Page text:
5 Medicine Ball Exercises You Should Try (That Aren’t Slams)

Boost balance, power, and more.

Medicine balls are great for slamming, throwing, and developing power and explosiveness. And it has been that way for almost 3,000 years.  Yes, that long.

While the details are sketchy on the history of med balls, they were supposedly used in Persia 3,000 years ago by wrestlers looking to become stronger. In Ancient Greece, Hippocrates is said to have stuffed animal skins for people to toss for “medicinal” uses.

Hippocrates considered these ‘balls’ to be great for helping injured people regain their mobility and strength and as a way for people to stay healthy.

Then in the early 1900s, med balls became popular because of a game called ‘Hooverball,’  which was like volleyball but with a med ball that was tossed over the net. President Herbert Hoover’s physician suggested his patients use the ball to get in shape, hence the name Hooverball.

a medicine ball

Benefits Of Medicine Balls

Besides throwing, there are other benefits to using these tools. 

  • Med ball training can boost the speed and accuracy of your movements in the sporting arena. For example, twisting and changing direction.
  • They can improve your coordination and balance when you use med balls exercises that throw you off-balance. For example, when transferring the med ball from one hand to the other.
  • The freedom of movement and the ability to train in multiple planes of motion with the med balls will prepare your body for realistic motions and may help prevent injuries.
  • They’re portable and can be used in or outside. And they’re easy to use.

Here are 5 med ball exercises that will strengthen your core, improve your balance and coordination, and improve your athleticism. And there is no slamming (or throwing) in sight. 

1. Med Ball Single leg Hip Extensions

The instability of the med ball, the reduced base of support and the elevated surface gives your hip an extra challenge. This is more hamstring dominant than other hip extension variations so if your hamstrings are on the weak side, this exercise will expose them.

Form Tips

This is best performed as an accessory exercise on leg day, because if your legs are not warmed up, your hamstrings will let you know about it. Dig your heels into the ball to start the move and slowly lower down on the eccentric.

8-12 reps on each side will definitely do the trick.

[Related: How to Use Medicine Balls to Develop Power]

2. Single Leg Med Ball Transfer

Reducing your base of support helps your balance and improves your ankle stability and strength. Combined with the weight of the med ball and your eyes moving from side to side makes for a fun exercise that will build your balance and coordination.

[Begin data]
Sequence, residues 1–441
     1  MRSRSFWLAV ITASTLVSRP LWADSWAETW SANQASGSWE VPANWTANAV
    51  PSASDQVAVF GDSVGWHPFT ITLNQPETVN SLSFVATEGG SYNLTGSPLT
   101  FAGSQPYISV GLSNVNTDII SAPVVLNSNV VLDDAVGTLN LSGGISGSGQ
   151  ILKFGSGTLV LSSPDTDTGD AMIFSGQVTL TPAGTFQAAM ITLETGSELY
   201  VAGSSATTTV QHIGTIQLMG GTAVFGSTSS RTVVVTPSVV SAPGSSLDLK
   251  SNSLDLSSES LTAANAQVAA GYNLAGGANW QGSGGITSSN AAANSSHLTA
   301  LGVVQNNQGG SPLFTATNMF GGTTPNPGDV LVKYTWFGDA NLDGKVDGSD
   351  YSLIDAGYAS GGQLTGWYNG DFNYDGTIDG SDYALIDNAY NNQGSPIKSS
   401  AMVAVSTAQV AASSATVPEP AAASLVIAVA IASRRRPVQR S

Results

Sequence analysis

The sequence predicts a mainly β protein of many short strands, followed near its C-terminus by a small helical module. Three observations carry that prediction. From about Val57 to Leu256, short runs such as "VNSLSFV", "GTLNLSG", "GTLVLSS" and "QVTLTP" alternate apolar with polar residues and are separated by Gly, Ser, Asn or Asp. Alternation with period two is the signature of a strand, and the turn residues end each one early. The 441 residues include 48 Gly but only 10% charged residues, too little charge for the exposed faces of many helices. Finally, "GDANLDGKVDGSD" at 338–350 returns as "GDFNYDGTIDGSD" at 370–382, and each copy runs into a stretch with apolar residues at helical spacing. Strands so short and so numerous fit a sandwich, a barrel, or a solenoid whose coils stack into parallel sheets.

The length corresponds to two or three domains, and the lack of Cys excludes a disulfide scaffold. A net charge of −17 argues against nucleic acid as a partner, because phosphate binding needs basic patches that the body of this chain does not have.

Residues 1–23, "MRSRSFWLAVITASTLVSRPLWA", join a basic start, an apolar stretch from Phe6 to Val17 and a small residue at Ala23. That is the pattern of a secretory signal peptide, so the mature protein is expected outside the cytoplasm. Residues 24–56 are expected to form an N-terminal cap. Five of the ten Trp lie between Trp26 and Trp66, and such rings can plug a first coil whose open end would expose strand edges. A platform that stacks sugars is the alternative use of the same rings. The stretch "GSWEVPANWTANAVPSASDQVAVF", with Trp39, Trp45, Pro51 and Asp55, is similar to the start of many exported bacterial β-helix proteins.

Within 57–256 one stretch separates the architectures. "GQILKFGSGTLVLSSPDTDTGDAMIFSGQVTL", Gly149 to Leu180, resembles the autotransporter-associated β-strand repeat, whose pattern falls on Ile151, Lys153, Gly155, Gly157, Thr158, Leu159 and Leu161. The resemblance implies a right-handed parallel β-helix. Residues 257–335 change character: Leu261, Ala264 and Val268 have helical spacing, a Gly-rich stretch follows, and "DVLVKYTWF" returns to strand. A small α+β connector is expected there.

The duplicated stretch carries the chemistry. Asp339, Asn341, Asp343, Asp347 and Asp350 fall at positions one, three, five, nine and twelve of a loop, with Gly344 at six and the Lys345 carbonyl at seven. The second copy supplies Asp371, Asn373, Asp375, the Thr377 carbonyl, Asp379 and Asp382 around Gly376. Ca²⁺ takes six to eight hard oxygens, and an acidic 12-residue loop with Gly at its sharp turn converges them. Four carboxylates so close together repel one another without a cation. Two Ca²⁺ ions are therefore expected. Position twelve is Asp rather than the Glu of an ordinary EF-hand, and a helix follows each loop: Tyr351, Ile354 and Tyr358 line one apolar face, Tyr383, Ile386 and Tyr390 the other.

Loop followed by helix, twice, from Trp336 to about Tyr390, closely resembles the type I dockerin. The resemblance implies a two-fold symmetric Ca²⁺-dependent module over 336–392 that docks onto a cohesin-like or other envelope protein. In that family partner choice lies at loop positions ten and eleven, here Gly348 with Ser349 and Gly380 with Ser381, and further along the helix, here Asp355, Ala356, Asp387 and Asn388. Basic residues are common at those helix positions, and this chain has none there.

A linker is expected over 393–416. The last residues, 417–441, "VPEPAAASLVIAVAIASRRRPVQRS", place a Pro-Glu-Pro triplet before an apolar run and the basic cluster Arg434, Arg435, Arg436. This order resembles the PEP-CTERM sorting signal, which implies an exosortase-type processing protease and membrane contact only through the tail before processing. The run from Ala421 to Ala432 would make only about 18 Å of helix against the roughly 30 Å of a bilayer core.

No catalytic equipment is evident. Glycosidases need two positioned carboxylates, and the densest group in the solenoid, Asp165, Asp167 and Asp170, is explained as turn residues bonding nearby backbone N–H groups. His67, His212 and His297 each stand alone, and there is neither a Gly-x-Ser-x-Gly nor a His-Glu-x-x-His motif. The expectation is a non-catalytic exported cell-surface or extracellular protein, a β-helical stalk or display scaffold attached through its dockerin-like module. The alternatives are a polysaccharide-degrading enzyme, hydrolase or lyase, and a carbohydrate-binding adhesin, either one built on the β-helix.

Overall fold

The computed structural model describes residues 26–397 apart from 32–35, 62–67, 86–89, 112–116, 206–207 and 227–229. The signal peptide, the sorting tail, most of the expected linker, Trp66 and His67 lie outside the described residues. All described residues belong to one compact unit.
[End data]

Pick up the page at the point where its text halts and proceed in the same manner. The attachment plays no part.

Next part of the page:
Form Tips

‘Grip’ the floor with your foot to strengthen your base of support. The med ball shouldn’t be heavy because it’s not a strength exercise.  4-8 pounds is more than enough.

Doing 6 reps on both legs will do the job of testing your dynamic balance.

3. Med ball Push Ups (3 Variations)

Med balls are a great way to progress push ups instead of adding load. The offset position combined with the greater range of motion engages more of your shoulders, chest and triceps muscles as well as core to stabilize your body.

There is no muddling through med ball push-ups. You are totally engaged because a loss of form or technique will result in a gym blooper.

Note- If you have any shoulder issues, please let pain be your guide.

Form tips

To offset the increased demand on your core, have your feet wider than hip width. This prevents your hips swaying from side to side and your low back from going into extension.

This is a great accessory exercise on upper body days and anywhere from 8-15 reps will be a challenge for most athletes.

[Related: 3 Benefits of Medicine Ball Slams]

4. Med Ball Pass The Bell

Although this exercise appears easy, it is anything but. The reduced base of support with the weight transferring from side to side will test your core stability and the strength of your hip flexors.

And if you are sick of planks and all its variations, this exercise is a nice change of pace.

Form Tips

If you have trouble maintaining your balance, start this with your heels on the ground.  Make sure to keep your chest up and to pass the ball slowly from side to side. Do not throw the ball as this reduces the exercise effectiveness.

Anywhere from 30-60 seconds will have your core begging for mercy. 

5. Med Ball Ice Skaters

Ice skaters are a great plyometric move that shifts your body weight from side to side. Adding load (in the form of a med ball) increases the intensity and single leg balance demands. It also targets neglected muscles like the glute med and adductors which are important for hip and knee health.

If your sport involves changes of direction and lateral movement, ice skaters deserve a spot in your routine.

Form Tips

This exercise can be performed in two ways, either for speed or for distance. Taking the ball to your hip will load the push-off leg more and challenge your single leg balance.

You can choose to do this for time, 20-30 seconds or for reps around 8-12 reps each side.

Sample Med Ball Circuit Workout

Consider using the following routine as a finisher at the end of your training or as a replacement for your regular cardio routine.

1A. Med Ball Ice Skaters 8-12 reps each side

1B.  Single Leg Med Ball Transfer 6 reps each side

1C.  Med Ball Push Up Variation 8-12 reps

1D. Single Leg Hip Extension 8-12 each side

1E.  Pass The Bell 30-60 seconds

Repeat for a total of 2-4 rounds.

Wrapping up

Med balls are great for developing power but they’re also handy to improve your balance, coordination, and athleticism. And you don’t need a lot of load to make med ball exercises effective.

What are you waiting for? Go ahead and have a ball. 

Featured image via Miljana and Igor Sinkov/Shutterstock